Thanks for the comments/feedback I received. A few additional comments (I’ll try to keep this one short, or at least shorter).
Josh Ledgard questioned the need for every/daily builds. I use the word “every” to make a couple points, one internally and one externally.
The internal point is that “shipping” these builds – with all necessary extra info like content and quality – has to be automatic/free. If it’s not, i.e. we have to decide which build, or do extra work to “polish” the build before it ships, there will be resistance to doing them – the daily build is pretty ingrained into how we do things and keeping forks (and dev machines set up) for previous builds adds lots of work. We also get into gnarly conversations about whether to fix some hideous bug in one area before we ship it – those are gnarly conversations because up until we get close to shipping, there’s almost always at least one hideous, embarrassing bug in every build – the choice is really to lockdown the build while we fix the hideous bugs, or fix it in the next build and risk that the new crop of hideous bugs is worse. The longer we stay locked down, the longer most devs go without having their work subjected to the next testing gauntlet – they can’t check in, can’t build against all the other changes, etc.. Someone commented that Whidbey is complex – that is absolutely reflected here at the daily, product development level.
Externally, I want to make sure that we set expectations that the build from today is not necessarily better than the build from yesterday and that the casual observer should think twice before installing. Our builds do not have a consistent incremental increase in quality. There are spikes and valleys. There are valleys even late in the release cycle, e.g. we send a beta out, get feedback, check in improvements across the product, and break things (which we then fix). I want customers to see lots of builds coming out so they understand the risk, vs. seeing fewer builds and thinking (erroneously) that each build is good and “guaranteed” to be better than the last one.
All that said, I’m more committed to frequent, automatic, and public, than “every build”. I just think aiming for every build is the best way to get there – otherwise we’ll think incrementally. It’s easy to scale back, e.g. from every day to once a week, or to whatever we end up seeing customers do.
I do not mean to imply that there is zero order within our teams. Over time the builds absolutely get better, we have a set of build verification suites that are run for every build, we have tools in place to help make “breaking changes” easier to manage across the division, and there are always people looking at process/efficiency improvements. In many ways, what our teams do is amazing. But the complexity is very high, the % of tests we can run against each build is relatively small, and bad bugs get through.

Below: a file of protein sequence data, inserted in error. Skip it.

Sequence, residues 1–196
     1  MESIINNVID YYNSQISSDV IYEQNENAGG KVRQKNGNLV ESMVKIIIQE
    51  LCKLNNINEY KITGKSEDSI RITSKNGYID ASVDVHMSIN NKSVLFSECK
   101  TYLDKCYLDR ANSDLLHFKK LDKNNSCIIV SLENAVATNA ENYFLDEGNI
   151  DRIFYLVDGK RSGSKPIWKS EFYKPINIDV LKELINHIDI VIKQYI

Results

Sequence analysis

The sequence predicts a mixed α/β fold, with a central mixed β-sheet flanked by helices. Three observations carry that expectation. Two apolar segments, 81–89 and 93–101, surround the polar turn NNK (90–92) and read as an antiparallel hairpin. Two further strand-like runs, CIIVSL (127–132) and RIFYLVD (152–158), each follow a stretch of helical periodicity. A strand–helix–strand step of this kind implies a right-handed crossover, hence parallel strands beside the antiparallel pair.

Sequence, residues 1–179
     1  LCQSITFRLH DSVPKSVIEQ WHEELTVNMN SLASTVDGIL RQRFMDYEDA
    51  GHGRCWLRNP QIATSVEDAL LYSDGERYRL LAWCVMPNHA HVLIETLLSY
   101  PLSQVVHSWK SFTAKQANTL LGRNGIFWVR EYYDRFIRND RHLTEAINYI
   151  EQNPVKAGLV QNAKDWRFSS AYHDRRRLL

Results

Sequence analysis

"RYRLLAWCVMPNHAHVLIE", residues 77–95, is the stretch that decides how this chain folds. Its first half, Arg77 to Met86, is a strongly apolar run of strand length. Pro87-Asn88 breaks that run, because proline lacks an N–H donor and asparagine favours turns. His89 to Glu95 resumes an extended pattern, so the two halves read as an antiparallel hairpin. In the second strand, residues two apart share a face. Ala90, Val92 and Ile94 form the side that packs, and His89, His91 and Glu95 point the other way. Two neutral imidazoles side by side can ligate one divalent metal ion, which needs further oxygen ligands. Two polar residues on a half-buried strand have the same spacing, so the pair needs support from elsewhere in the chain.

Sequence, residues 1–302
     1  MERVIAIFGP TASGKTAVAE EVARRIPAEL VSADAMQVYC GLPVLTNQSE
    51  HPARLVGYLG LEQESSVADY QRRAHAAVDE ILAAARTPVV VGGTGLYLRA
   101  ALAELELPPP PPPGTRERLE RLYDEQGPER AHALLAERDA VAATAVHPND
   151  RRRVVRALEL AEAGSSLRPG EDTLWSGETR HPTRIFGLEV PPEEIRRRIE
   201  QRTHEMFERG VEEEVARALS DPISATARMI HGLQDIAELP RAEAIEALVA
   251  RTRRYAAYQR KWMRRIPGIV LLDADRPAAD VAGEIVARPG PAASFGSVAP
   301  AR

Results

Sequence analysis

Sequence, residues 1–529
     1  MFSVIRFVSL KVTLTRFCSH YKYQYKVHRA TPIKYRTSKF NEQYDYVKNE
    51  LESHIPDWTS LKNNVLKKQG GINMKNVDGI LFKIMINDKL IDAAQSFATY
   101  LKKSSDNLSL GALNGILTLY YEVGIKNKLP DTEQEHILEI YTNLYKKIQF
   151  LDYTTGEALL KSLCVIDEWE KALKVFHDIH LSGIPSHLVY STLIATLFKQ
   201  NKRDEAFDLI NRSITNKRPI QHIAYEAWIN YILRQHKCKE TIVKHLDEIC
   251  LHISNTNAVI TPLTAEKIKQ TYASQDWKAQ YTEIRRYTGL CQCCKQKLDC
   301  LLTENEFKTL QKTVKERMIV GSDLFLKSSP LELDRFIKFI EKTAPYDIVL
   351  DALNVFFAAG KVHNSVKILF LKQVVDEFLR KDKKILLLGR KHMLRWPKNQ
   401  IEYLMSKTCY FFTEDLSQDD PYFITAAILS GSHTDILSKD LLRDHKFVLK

The feedback about “must always pass” tests is good. That is what our build verification tests are meant to show, but reading this prompted me to think about three things: 1) maybe we’re not looking at the right things in the bvt’s. 2) maybe we need a more comprehensive set that takes longer to run but which still completes within a day or so. 3) can we get community help here? i.e. perhaps we augment what we’re doing with a suite that the community provides. That would be a great rallying data point for the division – do our daily builds at least reach the bar for what customers are willing to install? I’m not looking to pass work off on others, just thinking about where I can blur the line between internal and external so that everyone ends up better off in the end. I don’t remember if I’ve written about this before, but I’m also interested in the possibility of developing many test cases in public workspaces so people can at least see them. Maybe bvts are the pilot we’ve been seeking.
Thanks for the comments re: encouraging people to try this. That’s exactly where we are (although we’re also lucky to have strong support from Eric Rudder on down to help the division get started and survive through the inevitable glitches). People are pretty excited about being more aligned with customers’ needs and wants. I haven’t met a person who thinks this is a bad thing. The concerns I have heard are very legitimate: build quality is variable, how do we do this in a way that doesn’t cause customers to waste their time or become dissatisfied, it’s extra work to gather/publish some of this information. Those are all things to work through, vs. reasons for not doing it.